Winter 2014 Grants Seek New Narratives of Inclusion
January 20, 2015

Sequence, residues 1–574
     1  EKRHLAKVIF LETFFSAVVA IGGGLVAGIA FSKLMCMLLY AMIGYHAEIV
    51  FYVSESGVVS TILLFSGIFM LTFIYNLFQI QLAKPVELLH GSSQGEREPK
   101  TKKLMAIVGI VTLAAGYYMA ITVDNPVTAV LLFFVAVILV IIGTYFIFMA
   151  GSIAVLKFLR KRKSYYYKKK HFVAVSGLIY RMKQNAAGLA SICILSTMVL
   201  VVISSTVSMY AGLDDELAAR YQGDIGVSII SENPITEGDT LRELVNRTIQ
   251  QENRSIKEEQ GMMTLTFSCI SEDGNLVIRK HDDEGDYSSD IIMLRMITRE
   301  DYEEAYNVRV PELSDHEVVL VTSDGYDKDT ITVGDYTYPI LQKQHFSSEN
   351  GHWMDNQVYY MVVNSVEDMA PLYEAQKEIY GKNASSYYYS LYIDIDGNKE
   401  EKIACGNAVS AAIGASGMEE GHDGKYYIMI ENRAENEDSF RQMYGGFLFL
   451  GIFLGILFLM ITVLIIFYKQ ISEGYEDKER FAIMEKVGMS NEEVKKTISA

Developing a “counter-narrative” to the conservative ideology of global Christian movements that embraces LGBT community members is the focus of several organizations receiving funding in the winter 2014 portfolio of Arcus Foundation Social Justice Program grants. The European Forum of Lesbian, Gay, Bisexual, and Transgender Christian Groups (EF) has been credited with changing attitudes and opening doors for dialogue on sexuality and faith, particularly within the World Council of Churches, whose member congregations represent 500 million Christians, more than half of them in the developing world. The EF intends to use Arcus support to pursue its successful strategy of shifting traditional views, responding to homophobic Catholic Church Family-Synod decisions, and continuing to counteract homophobic and transphobic values in a variety of forums. Reversing anti-LGBT religious narratives is also the goal of Political Research Associates, which has exposed the virulent anti-gay activity exported by the U.S.-based Christian conservative movement into African and South American religious communities. PRA’s reports and handbooks serve as critical supports for those fighting religiously motivated homophobia in Africa, and with funding, the organization will continue to publish and engage African scholars, clergy, and activists to develop more welcoming faith-based language on human sexuality. The Just and Fair Schools Fund (housed at NEO Philanthropy, formerly Public Interest Projects) has achieved stunning progress in school-discipline reform. The fund’s grantees in low-income communities of color have successfully challenged policies that unfairly and disproportionately target LGBT youth, resulting in a 50 percent decline in school-based arrests in San Francisco and in support for restorative justice programs in additional cities. Funding will help this national network ensure that progressive discipline policies are based on social and emotional learning and reduce the use of exclusion as a punitive measure in major school districts throughout the United States. Following on its significant victories for transgender Americans in 2013, including the U.S. Social Security Administration’s easing the process for changing one’s gender on official forms, the National Center for Transgender Equality will use funding to secure additional federal polices related to fair treatment of transgender individuals and conduct a major survey of the population in the United States. Seeking justice for transgender people of color and youth, the Sylvia Rivera Law Project plans to work toward the elimination of the youth and prisoner exclusion of the New York state birth certificate gender-marker change policy and to reverse New York state’s discriminatory Medicaid rules regarding transgender health care. The organization is also working to end involuntary segregation of transgender prisoners in the state and toward the adoption of a transgender housing policy. The use of cultural messaging to broaden public awareness of LGBT issues is the aim of a grant to the Sundance Institute. Raising the voices of new storytellers, the institute will introduce or advance to the next stage of production a set of films with LGBT themes, including those addressing transgender concerns, communities of color, and stories of LGBT issues outside of the United States. Among others, additional grants were also made to Akahata – Equipo de Trabajo en Sexualidades y Generos, Boston Area Gay & Lesbian Youth, Chemchemi Ya Ukwell, Friends of PM, Freedom to Marry, Funders for Lesbian and Gay Issues, Gay, Lesbian, Bisexual & Transgender Community Center of Colorado, Gill Foundation, Iranti-Org, Many Voices, Other Sheep Africa, Resource Center Dallas, SisterLove, and ZANERELA+. For a full listing of Social Justice Program grants announced in the Winter 2014 round, please visit our Grantees section.